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Voting rights fight does new damage to Manchin's governing model

As Senate Republicans again discredit Joe Manchin's preferred governing model, what is he prepared to replace it with?

When Sen. Joe Manchin announced his opposition to the For the People Act, the conservative Democrat at least remained committed to the underlying issue. As regular readers may recall, the West Virginian effectively argued that his party's democracy-reform package was too ambitious and too partisan to advance, but he could craft a compromise bill that would address many of the same issues.

And to his credit, Manchin followed through, unveiling a blueprint that would serve as the basis for the Freedom to Vote Act. Way back in June, he described his behind-the-scenes legislative efforts to reporters:

"I've been talking to Stacey [Abrams], you know I talked to everybody. And I've been working across the aisle with all the Republicans trying to get people to understand that that's the bedrock of our democracy, an accessible, fair, and basically secured voting."

Asked in mid-September about his plan for success, Manchin said, "It's to get 10 Republicans." He added that he was talking to "reasonable Republicans and friends of mine who understand we need guardrails."

In October, Manchin added, "We're negotiating with Republicans in good faith and we'll see what happens."

We've now seen what happened. For the fifth time this Congress, the Senate brought voting rights protections to the floor. For the fifth time, Senate Republicans blocked the efforts.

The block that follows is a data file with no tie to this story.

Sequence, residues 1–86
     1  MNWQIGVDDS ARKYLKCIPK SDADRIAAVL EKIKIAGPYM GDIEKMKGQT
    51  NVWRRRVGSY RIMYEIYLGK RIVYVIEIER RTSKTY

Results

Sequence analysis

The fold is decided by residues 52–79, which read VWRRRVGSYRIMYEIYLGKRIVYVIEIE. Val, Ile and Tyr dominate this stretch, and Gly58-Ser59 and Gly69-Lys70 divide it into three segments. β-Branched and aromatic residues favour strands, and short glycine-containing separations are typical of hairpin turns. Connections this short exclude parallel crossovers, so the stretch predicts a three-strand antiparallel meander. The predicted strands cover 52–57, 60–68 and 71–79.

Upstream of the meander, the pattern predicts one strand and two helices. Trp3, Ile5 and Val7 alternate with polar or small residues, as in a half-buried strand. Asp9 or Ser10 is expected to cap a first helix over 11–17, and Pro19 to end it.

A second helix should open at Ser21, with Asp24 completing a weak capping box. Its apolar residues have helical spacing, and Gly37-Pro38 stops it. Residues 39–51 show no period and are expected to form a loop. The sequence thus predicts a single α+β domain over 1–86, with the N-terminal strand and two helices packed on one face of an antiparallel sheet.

Manchin said four months ago that his plan was to "get 10 Republicans." In the end, literally zero Republicans voted for the bills Manchin supported.

Circling back to our earlier coverage, Congress' most conservative Democrat is an enthusiastic proponent of a governing model. Like it or not, the West Virginian believes the best way — in many instances, the only way — for Congress to approve worthwhile legislation is to embrace a cooperative, bipartisan approach.

Indeed, the Freedom to Vote Act offered the latest in a series of classic case studies that tested the merits of Manchin's model — offering the West Virginian an opportunity to prove that his approach is an effective legislative method. There were concessions. There was a compromise. There was sincere bipartisan outreach over the course of months. There were offers, listening sessions, and a slow, deliberate process.

We don't need to change the Senate's filibuster rules, Manchin has said, we simply need well-intentioned officials to sit down, talk, listen, and reach responsible agreements.

And in the end, not even one Senate Republican broke party ranks.

If this sounds familiar, it's not your imagination. The same thing happened on the measure to create an independent Jan. 6 commission. And immigration. And policing reforms. And a Covid-relief package. And now voting rights.

Or put another way, Manchin's model is predicated on the idea that GOP senators are members of a governing party, which will work in a serious way on policymaking. What Republicans keep telling Manchin is that they're not who he thinks they are.

Now that the GOP has discredited Manchin's preferred model, what is he prepared to replace it with?